There's definitely no agreed upon border, you're right. That's actually pretty much why I brought it up; basically, I often find myself saying that I'm from "Upstate NY", even though I currently live where most people would consider to be Upstate but I don't. And I've found that I justify my assertion using certain specific criteria, such as I've mentioned before—in other words, I say that this area is not "Upstate NY', and here's why.

So my question in this thread is the same: in your view, tell us which areas are and are not "Upstate NY", and here's why.

You're also right that "upstate" is often a relative term, basically meaning north with respect to NYC, and I've already acknowledged that usage as uncontested (I don't think anyone considers Long Island to be Upstate—though maybe you do, given its great influence from NYC). But there's no doubt that you also hear it referred to as a specific region; as I illustrated above, people often say that they live or are going to "Upstate NY", in the same way they might say they're going to the Midwest, or to the coast. And if the person saying this is standing in Westchester County when he does, that would suggest that he doesn't consider Westchester to be part of "Upstate NY", or else he'd have said something different.

I'd think roughly the E-W border with Pennsylvania. Albany's definitely "upstate" but I think Poughkeepsie is questionable, and I don't consider Middletown or Port Jervis to be "upstate."

I definitely don't consider any of the last three to be Upstate, because they're on commuter rail to NYC. In fact, I'd consider Poughkeepsie less questionable than the other two: it's more metropolitan in its feel—certainly more urban/suburban than my home of Putnam County—and is on the frequently-served Hudson Line rather than the much more provincial west-of-Hudson service that runs to Middletown and Port Jervis. Is it just its northern latitude that makes you unsure about Poughkeepsie?

Buffalo, and maybe Rochester, are on the other side of pop/soda line:  http://popvssoda.com/  While somewhat anecdotal, that is likely a sign of being more midwest-ish.

Rochester is squarely on the "pop" side of the line; remember that the local supermarket chain calls its soft drinks WPop, not WSoda. ;-)

But both Rochester and Buffalo are about as urban as you'll find without being close to NYC; doesn't that mean they're not Upstate? They're certainly bigger towns than Albany, so if Albany's too urban to be Upstate, then Buffalo and Rochester certainly are.

Quote
Ithaca is more in a class of its own due to Cornell.

It certainly is, but is it Upstate? Or does the university make it too urban to be considered such? Is it a region of its own?
Logged

kalvado

  • *
  • Offline Offline

  • Posts: 2771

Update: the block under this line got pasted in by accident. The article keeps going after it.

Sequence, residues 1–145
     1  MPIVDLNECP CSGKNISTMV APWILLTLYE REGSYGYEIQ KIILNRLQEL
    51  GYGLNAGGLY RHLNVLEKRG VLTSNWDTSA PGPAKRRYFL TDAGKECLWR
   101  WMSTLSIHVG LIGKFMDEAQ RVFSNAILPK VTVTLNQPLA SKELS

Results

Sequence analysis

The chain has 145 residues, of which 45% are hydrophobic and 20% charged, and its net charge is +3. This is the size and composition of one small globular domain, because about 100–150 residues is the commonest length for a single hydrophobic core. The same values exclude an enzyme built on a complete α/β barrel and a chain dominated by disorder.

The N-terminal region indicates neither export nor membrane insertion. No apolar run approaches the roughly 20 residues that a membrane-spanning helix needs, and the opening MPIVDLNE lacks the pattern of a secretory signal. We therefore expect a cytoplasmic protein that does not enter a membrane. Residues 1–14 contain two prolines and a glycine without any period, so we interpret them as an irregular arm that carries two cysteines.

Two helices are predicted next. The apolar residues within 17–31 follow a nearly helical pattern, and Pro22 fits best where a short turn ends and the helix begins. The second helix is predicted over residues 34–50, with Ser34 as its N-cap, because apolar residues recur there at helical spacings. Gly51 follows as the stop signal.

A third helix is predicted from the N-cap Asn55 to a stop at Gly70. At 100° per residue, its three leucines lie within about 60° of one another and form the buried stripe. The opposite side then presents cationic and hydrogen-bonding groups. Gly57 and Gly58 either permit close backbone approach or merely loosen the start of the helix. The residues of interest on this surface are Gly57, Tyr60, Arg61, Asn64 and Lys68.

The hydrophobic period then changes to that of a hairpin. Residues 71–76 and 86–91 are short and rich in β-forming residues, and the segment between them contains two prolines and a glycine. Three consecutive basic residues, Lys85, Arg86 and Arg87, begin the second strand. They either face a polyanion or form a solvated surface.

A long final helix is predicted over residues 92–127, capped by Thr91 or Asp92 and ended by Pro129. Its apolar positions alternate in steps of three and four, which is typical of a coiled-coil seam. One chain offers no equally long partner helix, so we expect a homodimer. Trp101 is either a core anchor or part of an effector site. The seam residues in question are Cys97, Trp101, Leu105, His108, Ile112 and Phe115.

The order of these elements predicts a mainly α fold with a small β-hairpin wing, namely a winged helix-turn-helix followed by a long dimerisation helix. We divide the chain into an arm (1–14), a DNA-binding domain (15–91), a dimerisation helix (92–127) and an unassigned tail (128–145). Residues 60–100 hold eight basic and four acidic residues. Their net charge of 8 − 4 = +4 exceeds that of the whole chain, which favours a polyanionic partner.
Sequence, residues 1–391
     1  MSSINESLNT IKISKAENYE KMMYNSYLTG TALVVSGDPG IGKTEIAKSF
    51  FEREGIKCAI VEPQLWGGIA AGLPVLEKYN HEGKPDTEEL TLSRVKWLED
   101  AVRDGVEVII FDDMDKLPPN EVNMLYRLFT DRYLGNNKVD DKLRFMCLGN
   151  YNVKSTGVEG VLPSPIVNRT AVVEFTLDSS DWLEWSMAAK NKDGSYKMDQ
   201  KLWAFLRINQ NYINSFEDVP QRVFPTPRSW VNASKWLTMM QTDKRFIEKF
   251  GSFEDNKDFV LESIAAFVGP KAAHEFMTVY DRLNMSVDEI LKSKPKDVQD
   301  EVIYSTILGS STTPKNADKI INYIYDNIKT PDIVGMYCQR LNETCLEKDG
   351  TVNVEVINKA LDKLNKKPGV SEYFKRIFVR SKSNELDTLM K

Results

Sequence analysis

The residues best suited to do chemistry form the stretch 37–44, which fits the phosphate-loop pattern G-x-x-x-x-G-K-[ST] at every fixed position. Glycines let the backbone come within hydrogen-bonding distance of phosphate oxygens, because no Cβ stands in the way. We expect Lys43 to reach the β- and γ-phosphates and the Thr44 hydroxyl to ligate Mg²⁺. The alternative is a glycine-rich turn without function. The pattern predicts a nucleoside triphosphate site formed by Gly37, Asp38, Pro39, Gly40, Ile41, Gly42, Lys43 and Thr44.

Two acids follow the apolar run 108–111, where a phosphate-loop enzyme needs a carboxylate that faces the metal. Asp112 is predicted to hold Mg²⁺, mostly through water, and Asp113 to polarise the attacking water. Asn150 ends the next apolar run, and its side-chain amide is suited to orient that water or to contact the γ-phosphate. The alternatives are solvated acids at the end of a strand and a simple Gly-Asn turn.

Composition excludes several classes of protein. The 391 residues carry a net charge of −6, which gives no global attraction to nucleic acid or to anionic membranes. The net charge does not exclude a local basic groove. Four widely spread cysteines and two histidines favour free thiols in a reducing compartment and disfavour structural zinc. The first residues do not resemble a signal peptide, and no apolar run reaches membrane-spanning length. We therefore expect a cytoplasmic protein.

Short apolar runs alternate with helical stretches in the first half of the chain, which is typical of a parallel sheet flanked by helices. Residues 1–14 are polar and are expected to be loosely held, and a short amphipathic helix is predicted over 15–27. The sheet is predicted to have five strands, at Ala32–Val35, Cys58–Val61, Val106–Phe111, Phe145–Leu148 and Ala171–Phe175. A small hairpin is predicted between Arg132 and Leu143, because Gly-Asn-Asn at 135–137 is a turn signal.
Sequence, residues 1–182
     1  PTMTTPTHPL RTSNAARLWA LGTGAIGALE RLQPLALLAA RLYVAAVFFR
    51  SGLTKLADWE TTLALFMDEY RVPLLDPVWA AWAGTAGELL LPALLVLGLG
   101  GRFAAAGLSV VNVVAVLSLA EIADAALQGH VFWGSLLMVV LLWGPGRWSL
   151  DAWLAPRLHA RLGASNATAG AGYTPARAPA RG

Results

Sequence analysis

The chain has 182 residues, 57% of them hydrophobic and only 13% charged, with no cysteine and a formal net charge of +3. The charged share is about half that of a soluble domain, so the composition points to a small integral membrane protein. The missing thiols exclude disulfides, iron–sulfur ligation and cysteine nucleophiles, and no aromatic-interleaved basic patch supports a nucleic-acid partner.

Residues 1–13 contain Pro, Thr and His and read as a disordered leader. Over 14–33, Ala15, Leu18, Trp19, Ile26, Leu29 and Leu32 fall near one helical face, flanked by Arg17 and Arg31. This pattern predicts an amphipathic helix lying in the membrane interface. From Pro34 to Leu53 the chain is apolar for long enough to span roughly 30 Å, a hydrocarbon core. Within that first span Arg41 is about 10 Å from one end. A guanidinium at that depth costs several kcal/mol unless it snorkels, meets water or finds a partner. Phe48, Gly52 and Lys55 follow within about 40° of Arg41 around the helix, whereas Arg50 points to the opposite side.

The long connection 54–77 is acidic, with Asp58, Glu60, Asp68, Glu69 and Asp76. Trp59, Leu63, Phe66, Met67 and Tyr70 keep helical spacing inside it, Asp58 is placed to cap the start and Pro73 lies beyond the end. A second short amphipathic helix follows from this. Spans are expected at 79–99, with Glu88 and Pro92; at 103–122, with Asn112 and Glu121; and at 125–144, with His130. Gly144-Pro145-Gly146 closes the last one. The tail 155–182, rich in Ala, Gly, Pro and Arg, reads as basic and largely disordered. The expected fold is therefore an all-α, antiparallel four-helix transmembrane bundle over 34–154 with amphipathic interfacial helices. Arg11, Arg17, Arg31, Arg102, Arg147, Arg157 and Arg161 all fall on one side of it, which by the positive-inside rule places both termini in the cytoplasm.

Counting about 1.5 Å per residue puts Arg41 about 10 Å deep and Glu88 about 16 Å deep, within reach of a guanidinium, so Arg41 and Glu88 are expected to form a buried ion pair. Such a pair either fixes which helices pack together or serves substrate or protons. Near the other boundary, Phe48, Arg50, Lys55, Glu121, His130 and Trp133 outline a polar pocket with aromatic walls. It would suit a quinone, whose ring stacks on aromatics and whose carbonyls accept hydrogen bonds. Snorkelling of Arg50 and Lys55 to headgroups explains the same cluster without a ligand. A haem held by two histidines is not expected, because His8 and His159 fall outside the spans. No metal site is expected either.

• Location: upstate NY
  • Last Login: June 17, 2019, 08:44:40 PM
Re: How do you define Upstate NY?
« Reply #31 on: June 12, 2016, 11:49:37 AM »

Buffalo, and maybe Rochester, are on the other side of pop/soda line:  http://popvssoda.com/  While somewhat anecdotal, that is likely a sign of being more midwest-ish.

Rochester is squarely on the "pop" side of the line; remember that the local supermarket chain calls its soft drinks WPop, not WSoda. ;-)

But both Rochester and Buffalo are about as urban as you'll find without being close to NYC; doesn't that mean they're not Upstate? They're certainly bigger towns than Albany, so if Albany's too urban to be Upstate, then Buffalo and Rochester certainly are.

Quote
Ithaca is more in a class of its own due to Cornell.

It certainly is, but is it Upstate? Or does the university make it too urban to be considered such? Is it a region of its own?

Well.. Speaking for myself and trying to be as systematic as possible
Buffalo and Rochester - likely not upstate; more like western NY (which is somewhat separate)
Syracuse - less reluctantly than Albany, but probably in the same ballpark of "upstate, but not true upstate"
Utica-Rome - Upstate.
Adirondacks and around - True Upstate
Binghamton, Cortland and Elmira (just not to mess with Ithaca) - very reluctantly; upstate is really north of I-90 (which excludes anything west of Syracuse). But since those are far away from NYC, they have to qualify... somewhat...  Same probably goes for places around I-88 and between 88 and 90;

Which leaves Catskills as being more downstate than upstate for me


Looks like I ended up with a greyscale map instead of black and white definition...

Logged

8.Lug

  • *
  • Offline Offline

  • Posts: 89
  • Keep left except to pass

  • Age: 40
  • Location: Somewhere on I90
  • Last Login: September 11, 2016, 05:07:13 AM
Re: How do you define Upstate NY?
« Reply #32 on: June 12, 2016, 04:40:06 PM »

That's not really what Upstate is though - because where Upstate starts and the immediate surrounding area - it's still a part of NYC's economy as well its society seeing as most of the people that live there are still directly connected to NYC. It's called Upstate because you're basically in the suburbs of NYC, not in the city proper.

Interesting; I think you're the first person I've heard say the Upstate, by definition, does connote a similarity with NYC; almost universally, it's thought of as something as opposed to NYC—there's the city, and then there's Upstate.